Emerging Civil War has featured “When Lilacs Last in the Door-yard Bloom’d” many times over our ten-year history. It is a favorite of many of our writers and has been printed several times already. It can be found here, as well as other places on the web. Rather than reprint the poem, I thought I would discuss its context.
It follows the train–dubbed the Lincoln Funeral Train–as it chugs back across an almost identical route–the one taken four and a half years ago by the Lincoln Inaugural Express. The train bears President Abraham Lincoln’s remains as well as those of his young son Willie. Lincoln is referred to as a “powerful western falling star,” mourned at the return of every spring. But, as birds and flowers return every spring, Lincoln will not. “Day and night journeys a coffin.”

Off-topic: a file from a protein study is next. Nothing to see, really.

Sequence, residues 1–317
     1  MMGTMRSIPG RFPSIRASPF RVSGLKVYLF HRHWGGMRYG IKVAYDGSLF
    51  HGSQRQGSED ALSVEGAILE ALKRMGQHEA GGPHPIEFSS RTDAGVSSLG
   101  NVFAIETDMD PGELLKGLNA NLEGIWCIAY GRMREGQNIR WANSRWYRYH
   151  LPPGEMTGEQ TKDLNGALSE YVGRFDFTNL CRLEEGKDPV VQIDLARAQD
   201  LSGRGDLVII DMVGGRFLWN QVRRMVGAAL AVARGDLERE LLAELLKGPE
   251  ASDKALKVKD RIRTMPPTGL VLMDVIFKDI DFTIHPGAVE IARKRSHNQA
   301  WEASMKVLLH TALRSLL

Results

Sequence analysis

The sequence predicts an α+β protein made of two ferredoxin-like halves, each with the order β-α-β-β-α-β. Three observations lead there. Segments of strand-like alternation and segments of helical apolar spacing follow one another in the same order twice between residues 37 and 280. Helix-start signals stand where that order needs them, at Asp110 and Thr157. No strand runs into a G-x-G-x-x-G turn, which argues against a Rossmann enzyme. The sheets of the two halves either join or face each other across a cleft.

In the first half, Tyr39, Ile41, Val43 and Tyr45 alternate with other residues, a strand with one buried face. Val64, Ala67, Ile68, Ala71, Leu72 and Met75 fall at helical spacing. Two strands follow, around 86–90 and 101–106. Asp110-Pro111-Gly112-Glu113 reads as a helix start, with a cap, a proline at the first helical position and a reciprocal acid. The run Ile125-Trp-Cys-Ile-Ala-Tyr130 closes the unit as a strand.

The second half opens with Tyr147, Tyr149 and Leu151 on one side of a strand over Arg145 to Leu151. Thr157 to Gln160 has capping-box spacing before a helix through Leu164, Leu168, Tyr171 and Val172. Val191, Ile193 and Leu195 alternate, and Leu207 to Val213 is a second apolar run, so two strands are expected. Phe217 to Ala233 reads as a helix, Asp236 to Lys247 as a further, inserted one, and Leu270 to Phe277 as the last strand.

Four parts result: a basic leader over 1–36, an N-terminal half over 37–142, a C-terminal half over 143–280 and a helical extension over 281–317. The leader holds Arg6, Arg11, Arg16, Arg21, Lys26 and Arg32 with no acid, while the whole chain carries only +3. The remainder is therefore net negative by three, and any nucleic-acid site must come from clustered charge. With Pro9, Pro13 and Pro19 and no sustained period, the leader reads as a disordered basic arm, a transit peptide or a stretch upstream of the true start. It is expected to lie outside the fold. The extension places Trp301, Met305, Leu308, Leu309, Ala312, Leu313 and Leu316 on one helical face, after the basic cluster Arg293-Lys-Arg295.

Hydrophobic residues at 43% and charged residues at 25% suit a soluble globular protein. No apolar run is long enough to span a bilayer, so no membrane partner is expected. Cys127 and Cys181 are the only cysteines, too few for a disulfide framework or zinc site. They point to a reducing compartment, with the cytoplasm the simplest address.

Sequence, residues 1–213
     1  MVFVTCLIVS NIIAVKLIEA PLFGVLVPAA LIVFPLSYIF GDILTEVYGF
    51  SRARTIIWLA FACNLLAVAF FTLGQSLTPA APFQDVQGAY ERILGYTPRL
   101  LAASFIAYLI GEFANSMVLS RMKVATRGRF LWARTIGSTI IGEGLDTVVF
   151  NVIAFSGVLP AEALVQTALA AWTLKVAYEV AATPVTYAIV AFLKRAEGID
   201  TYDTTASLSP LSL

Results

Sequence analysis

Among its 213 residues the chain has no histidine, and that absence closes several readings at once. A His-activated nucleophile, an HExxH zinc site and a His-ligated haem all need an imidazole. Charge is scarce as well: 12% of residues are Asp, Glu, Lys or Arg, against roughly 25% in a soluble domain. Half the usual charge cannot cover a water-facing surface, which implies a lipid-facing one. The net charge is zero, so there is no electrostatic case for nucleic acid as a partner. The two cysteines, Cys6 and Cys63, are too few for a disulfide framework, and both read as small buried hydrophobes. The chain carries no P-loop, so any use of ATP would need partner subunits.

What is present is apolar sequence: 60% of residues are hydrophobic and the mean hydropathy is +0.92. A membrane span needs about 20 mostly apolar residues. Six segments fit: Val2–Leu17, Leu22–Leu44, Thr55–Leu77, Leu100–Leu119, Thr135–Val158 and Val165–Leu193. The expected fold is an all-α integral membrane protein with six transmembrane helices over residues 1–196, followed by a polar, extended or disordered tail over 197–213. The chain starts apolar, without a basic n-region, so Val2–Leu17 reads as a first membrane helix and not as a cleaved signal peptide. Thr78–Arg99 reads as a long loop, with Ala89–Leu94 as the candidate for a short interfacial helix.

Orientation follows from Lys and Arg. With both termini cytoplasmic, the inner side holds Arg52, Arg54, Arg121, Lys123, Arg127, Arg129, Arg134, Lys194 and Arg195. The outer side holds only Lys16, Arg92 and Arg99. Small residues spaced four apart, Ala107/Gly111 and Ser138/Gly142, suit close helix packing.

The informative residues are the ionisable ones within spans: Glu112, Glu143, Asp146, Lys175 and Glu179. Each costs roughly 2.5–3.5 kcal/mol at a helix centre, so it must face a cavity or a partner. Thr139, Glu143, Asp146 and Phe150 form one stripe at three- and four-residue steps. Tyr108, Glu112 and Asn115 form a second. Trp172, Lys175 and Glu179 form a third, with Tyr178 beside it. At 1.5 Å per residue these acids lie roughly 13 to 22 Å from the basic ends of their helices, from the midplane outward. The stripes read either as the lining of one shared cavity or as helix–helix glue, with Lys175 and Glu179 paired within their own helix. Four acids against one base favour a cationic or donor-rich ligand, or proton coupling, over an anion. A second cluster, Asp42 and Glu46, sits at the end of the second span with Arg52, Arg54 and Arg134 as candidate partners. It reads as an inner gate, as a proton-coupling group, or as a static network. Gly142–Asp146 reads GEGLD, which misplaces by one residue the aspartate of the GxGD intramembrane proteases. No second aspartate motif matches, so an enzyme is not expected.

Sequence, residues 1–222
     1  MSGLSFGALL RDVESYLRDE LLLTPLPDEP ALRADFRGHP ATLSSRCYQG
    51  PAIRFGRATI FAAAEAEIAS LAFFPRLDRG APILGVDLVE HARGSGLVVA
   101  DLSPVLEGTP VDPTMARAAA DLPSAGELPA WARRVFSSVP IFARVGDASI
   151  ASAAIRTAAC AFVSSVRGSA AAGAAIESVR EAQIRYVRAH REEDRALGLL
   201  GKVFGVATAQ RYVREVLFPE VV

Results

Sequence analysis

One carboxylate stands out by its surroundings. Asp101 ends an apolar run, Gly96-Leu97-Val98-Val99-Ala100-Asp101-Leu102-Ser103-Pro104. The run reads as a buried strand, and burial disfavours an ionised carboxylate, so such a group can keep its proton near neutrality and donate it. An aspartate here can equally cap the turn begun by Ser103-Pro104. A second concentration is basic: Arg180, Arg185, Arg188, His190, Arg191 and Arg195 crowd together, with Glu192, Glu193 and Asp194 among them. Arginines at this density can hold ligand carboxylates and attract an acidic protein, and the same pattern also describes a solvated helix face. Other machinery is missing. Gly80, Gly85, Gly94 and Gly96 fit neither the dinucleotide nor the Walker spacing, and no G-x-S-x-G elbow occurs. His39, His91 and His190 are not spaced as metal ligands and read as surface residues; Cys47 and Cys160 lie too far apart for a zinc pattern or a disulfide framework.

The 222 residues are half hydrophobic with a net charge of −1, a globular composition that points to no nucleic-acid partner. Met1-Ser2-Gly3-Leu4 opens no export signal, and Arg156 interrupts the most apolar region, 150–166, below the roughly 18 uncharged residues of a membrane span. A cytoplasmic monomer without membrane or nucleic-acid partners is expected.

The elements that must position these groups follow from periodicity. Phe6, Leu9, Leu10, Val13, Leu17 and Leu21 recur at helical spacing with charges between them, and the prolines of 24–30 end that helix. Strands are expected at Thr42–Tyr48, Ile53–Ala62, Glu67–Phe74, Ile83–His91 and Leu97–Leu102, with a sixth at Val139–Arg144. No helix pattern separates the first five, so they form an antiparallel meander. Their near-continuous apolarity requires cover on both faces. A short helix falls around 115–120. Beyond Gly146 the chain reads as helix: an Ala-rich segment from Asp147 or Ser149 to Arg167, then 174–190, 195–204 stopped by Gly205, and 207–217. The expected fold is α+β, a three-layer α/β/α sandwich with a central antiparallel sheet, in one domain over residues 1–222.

The scenery of northwestern America is described: “lanes and streets . . . crepe-veil’d women standing.” The poet offers a single sprig of lilac as a stand-in for all the mourning the train will pass in its journey to Springfield, Illinois. Death is given many lines–its inevitableness, its finality–“all over bouquets of roses.”
Finally, Whitman comes to the Civil War. All the death he has seen, all the deaths Lincoln has imagined, Whitman weaves them together “Lilac and star and bird twined with the chant of my soul.” The funeral train honors all those deaths as it brings Lincoln back to Springfield. Many versions of this poem are done as music–sort of funeral dirges or part of a requiem mass. Look some up, read phrases aloud to yourself. Whitman is a powerful voice for his time and for ours.